All of this is useless, though, if we don’t know what it feels like when riding the motorcycle where this motor will be applied to. The numbers I like to pay attention to are the torque figures. This is what, in my opinion, makes Ducati motors especial – those high torque figures at low RPM give the perception that the motor offers effortless performance on acceleration starting from low down on the RPM engine. By all means, this new motor seems to really benefit from DVT, cranking torque figures to a nice curve and peak level.
I can’t see anything wrong on this, especially because Ducati indicates maintenance service intervals are maintained (15,000 km (9.000 miles) / 12 months), so is valve clearance check (30,000 km (18.000 miles)). Ducati also mentioned an anti-knock sensor for this motor, high compression pistons derived from the Diavel, new drive belts and belt covers, new oil pump with 70% higher efficiency, and improved crankcase for better lubrication.
And let’s not forget the improved fuel efficiency. I’ve gone more than 200 miles with a tank of clear gas on my 2013 Multistrada. But once you approach 200 miles, you better be sure there is a gas station close to where you are. This new motor will be yet more fuel efficient, making a 200 mile range a more common occurrence.
We also want to direct your attention to one number and parameter on the Ducati’s specs, the -78% IMEP COV. It is something that we have not seen discussed anywhere on forums and reviewers of this motor so far. What is IMEP COV, a “smoothness index” Ducati says? And what a 78% reduction may represent from a rider’s perspective?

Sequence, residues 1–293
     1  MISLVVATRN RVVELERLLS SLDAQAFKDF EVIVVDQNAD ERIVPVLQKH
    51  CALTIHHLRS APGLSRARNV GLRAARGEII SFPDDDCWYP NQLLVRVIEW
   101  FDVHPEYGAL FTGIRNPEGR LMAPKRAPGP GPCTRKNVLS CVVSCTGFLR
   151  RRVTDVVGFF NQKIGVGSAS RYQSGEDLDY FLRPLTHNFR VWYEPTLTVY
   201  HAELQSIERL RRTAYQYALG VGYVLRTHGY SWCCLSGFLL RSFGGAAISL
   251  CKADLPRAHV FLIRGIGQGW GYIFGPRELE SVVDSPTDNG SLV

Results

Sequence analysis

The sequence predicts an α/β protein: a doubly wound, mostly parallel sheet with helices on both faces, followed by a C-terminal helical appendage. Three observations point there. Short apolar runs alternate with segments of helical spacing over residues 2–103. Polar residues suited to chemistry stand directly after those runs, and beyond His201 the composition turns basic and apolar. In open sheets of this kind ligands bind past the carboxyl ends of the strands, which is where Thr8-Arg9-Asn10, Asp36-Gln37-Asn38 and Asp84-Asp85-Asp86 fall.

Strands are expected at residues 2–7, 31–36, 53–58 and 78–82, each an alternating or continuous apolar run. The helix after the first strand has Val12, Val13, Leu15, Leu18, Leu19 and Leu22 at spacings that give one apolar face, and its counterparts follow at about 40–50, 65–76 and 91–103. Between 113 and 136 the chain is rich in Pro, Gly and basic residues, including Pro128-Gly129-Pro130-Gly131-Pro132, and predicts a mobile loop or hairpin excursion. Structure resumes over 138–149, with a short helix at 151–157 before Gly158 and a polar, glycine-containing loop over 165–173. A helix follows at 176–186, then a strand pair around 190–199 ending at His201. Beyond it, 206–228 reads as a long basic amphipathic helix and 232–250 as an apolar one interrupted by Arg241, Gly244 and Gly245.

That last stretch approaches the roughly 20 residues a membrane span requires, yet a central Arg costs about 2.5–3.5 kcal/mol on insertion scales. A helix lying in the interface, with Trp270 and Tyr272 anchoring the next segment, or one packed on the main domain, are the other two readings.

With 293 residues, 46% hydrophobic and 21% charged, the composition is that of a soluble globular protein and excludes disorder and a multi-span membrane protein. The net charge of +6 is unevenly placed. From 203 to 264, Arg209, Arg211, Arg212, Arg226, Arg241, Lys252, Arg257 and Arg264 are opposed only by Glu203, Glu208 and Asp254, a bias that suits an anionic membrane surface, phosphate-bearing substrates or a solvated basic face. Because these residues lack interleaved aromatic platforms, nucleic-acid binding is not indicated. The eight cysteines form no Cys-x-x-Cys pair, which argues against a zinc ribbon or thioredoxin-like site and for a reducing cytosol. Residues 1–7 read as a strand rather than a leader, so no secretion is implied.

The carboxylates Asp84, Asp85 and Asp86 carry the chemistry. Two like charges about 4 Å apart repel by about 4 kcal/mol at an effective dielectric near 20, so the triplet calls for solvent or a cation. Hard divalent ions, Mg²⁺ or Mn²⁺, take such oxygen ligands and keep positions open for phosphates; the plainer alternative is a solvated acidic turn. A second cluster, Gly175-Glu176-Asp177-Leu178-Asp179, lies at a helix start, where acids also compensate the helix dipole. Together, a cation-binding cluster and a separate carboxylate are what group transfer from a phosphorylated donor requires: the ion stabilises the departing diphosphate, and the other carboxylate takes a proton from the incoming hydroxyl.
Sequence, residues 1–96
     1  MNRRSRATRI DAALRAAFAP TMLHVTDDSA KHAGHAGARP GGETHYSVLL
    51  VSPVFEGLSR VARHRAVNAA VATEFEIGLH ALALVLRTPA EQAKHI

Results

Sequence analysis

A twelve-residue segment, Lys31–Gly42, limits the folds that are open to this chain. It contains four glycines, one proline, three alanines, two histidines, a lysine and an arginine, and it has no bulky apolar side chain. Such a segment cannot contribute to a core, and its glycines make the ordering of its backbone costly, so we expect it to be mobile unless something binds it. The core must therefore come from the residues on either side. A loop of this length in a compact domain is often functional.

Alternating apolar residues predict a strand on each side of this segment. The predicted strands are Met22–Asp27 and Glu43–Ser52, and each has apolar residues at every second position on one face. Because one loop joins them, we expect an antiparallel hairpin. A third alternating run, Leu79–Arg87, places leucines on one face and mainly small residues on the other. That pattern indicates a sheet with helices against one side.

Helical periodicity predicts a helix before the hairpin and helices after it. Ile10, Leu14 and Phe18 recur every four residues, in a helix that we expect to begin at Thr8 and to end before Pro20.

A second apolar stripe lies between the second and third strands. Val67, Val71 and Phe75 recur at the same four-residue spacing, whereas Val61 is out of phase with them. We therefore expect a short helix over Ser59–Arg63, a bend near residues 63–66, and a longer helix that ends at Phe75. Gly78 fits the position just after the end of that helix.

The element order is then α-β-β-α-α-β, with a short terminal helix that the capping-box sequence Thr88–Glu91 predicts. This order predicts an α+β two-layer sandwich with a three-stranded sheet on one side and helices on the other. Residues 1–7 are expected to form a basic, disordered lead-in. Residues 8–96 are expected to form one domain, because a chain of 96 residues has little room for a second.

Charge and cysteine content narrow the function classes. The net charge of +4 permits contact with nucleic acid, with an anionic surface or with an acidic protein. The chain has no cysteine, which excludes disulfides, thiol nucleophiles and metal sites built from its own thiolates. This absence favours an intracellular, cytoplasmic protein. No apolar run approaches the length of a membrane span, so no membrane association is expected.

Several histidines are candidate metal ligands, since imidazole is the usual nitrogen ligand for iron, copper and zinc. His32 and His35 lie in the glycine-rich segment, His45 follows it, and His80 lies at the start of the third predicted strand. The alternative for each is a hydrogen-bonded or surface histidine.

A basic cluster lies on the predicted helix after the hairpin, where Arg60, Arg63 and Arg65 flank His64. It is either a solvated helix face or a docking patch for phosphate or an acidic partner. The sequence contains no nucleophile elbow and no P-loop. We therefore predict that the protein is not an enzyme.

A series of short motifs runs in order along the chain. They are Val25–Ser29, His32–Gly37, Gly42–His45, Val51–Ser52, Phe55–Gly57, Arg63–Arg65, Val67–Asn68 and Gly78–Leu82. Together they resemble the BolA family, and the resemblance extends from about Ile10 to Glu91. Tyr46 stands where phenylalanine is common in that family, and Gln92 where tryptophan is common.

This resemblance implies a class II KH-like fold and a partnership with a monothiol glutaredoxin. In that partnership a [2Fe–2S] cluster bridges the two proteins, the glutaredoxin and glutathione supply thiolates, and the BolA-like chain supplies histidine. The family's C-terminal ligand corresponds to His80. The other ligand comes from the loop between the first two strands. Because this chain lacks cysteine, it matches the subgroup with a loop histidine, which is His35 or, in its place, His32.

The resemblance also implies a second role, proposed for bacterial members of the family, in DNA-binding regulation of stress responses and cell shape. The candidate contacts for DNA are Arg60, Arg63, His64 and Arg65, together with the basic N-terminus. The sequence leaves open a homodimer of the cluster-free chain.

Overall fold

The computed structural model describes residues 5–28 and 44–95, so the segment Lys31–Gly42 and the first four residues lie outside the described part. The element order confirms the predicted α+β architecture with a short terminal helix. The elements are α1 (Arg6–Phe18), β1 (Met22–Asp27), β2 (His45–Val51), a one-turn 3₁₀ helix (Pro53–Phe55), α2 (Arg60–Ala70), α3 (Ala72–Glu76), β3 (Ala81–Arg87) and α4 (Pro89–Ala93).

Of all variables posted by Ducati, IMEP COV shows the largest gain for the DVT motor. Because Ducati thought it important enough to publish IMEP COV numbers we decided to investigate more about it. It is not something sexy like HP, or something serious like torque, or something practical like fuel economy. But it is a fundamental parameter on engine development. Touted as a “smoothness index” by Ducati, our short and superficial research led us to some important and interesting findings.
All of us have learned along the years that fuel injection motors when combined with strict emissions standards have pushed motors towards operating at the lean side of the spectrum, making certain motorcycles, especially single and twin-cylinder bikes but not exclusive to them, practically unrideable at low RPMs. That was especially the case for the first version of the 1200 Testastretta 11 degrees motor. Owners of those bikes spent thousands of dollars, and we are not exaggerating here, on full exhaust systems, re-programmed ECUs, dynamometer time, and some home other tuners gadgets to resolve this issue. And it never completely cured the problem. Despite some improvement on engine stability from all this aftermarket work, the hesitation at low RPMs and abruptness off idle was always there.
The dual spark motor of the 2013-14 models showed great improvement on this issue. When we tested the 2013 bike in comparison to a 2010 bike we noticed considerable improvements on the motor’s rideability. The dual sparks associated with a changed angle of the fuel injection and a few other changes improved torque delivery and fluidity of the motor at low RPMs while increasing torque at the same time. Although the torque increase on the 2013 model was really small, it specifically improved torque delivery at low RPMs. And that motor also improved fuel efficiency by a good 10%.